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Saturday, February 04, 2012

The Trouble with Amazon

Amazon: the new Montgomery Ward
Amazon (let's be honest) is a company in trouble. Oh, its financials are fine. It's profitable, even. It's growing. By all normal metrics, it's not in trouble at all. But common sense says the spit's about to hit the fan. Amazon is on a collision course with destiny—the destiny of all companies who ever tried to do too much (Kmart, Federated Dept. Stores, Montgomery Ward, Allied Stores, Southland Corp., Ames Department Stores, The Circle K Corp.. Carter Hawley Hale Stores—the list goes on). Let's be blunt: Amazon is just another department store, except they have no physical storefront. But lack of a physical storefront doesn't mean they won't suffer the fate of all the unwieldy, poorly managed department store chains that have gone before. History has a way of dealing with do-too-much retailers (and now, e-tailers).

Amazon's business model is a model of confusion. Their business is really three businesses: eRetailing (what Amazon calls EGM: Electronics and General Merchandise), publishing, and cloud services.

According to Amazon's 10K filing, EGM currently accounts for 60% of the business. And that's precisely where the big trouble lies.

Recent indications are that Amazon has reached a tipping point. For 2011, Amazon's net income was a paltry $631 million on net sales of $48 billion. Compare this to 2010's net income of $1.152 billion on $34.2 billion in net sales. Basic earnings-per-share has gone from $2.58 (2010) to $1.39 (2011).

Basically, Amazon has become a logistics company without wheels. To survive in its present form, it badly needs to acquire an Airborne Express (except that AE has already been acquired by DHL), or maybe a railroad and a package delivery company. Ideally, it also needs to acquire a payment-processing system (a PayPal). Why not just admit the obvious? Amazon needs to acquire eBay.

The alternative is to join the long list of department stores that tried to be all things to all customers (and ended up broke).

Amazon claims it will enjoy greater efficiencies (going forward) by opening more fulfillment centers and putting pressure on suppliers. But their story, frankly, is starting to sound old and is (how shall we say?) at this point painfully unconvincing. Inefficiencies are rising faster than efficiencies, at Amazon. That's what the numbers show. And that's the real point.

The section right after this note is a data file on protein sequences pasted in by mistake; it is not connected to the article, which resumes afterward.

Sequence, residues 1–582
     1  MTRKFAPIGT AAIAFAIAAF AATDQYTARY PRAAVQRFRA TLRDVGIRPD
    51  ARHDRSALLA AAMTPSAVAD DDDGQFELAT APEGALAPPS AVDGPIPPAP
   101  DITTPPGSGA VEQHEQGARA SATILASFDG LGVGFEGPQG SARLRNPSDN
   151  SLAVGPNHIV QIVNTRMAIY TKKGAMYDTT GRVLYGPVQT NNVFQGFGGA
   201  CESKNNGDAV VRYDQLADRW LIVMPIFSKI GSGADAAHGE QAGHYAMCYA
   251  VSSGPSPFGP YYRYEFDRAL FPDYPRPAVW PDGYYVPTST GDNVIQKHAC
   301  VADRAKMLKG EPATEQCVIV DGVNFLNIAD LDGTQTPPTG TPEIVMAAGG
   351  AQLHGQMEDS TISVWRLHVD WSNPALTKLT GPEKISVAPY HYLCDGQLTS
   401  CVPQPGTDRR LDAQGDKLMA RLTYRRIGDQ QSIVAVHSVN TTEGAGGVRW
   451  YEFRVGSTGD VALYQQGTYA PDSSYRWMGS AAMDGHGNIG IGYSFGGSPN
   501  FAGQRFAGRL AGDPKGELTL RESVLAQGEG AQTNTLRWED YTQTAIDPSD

You don't have to be a numbers guru to see where Amazon is headed, though. Just look at what Amazon is trying to sell, and draw your own conclusions. The following list was taken directly from the pulldown menu on their U.S. website:

Amazon Instant Video Appliances Apps for Android Arts, Crafts & Sewing Automotive Baby Beauty Books Cell Phones & Accessories Clothing & Accessories Computers Electronics Gift Cards Grocery & Gourmet Food Health & Personal Care Home & Kitchen Industrial & Scientific Jewelry Kindle Store Magazine Subscriptions Movies & TV MP3 Downloads Music Musical Instruments Office Products Patio, Lawn & Garden Pet Supplies Shoes Software Sports & Outdoors Tools & Home Improvement Toys & Games Video Games Watches 

I've highlighted certain items that are emblematic of Amazon's ongoing megalomaniacal bid to be everything-to-everyone. Amazon is trying to out-Sears Sears. But we all know what's happening to Sears. And it ain't pretty.

Amazon's legacy: empty strip malls everywhere.
Amazon hasn't been completely ineffective. For every one of Amazon's 69 fulfillment centers, there are probably five to ten Staples stores out of business, ten or twenty Barnes & Nobles stores gone, a dozen hardware stores gone, several pet supply stores, and maybe a Toys R Us or two. To see the devastation wreaked by Amazon, you have only to cruise the half-empty strip malls in your local neighborhood. Amazon is sucking $50 billion a year out of local economies, worldwide.

Where Amazon excels, of course, is in book reselling, e-book publishing, and Kindle sales (although they are rumored to be taking a $15 hit on every Kindle Fire sold). This is where Amazon's monopoly power lies. This is where they have the power to dominate, not merely decimate.

Amazon also does well as a cloud-services provider. They can legitimately claim some high ground here.

But in patio, lawn, and garden equipment, sports equipment, kitchen and bath fixtures, and numerous other areas, they're never going to have monopoly power.

In short, the parts of Amazon that deal in electrons are doing well. The parts that deal in protons are not doing so well. That's the crux of the matter.

One day, Jeff Bezos is going to have a Bain Capital moment and recognize that he's in way over his big fat head. There'll be a sudden "huge restructuring" of the business. Big writeoffs will be taken. Apologies will be issued. The stock price will plummet. And Amazon will emerge a much smaller (but more profitable) company.

Either that, or (if Bezos continues to think like a megalomaniac) Amazon will simply hit the wall, hard. And the smoking shards will blanket the earth.

I wonder if they sell hard-hats?

Disclosure: The author has no stake (long or short) in Amazon stock.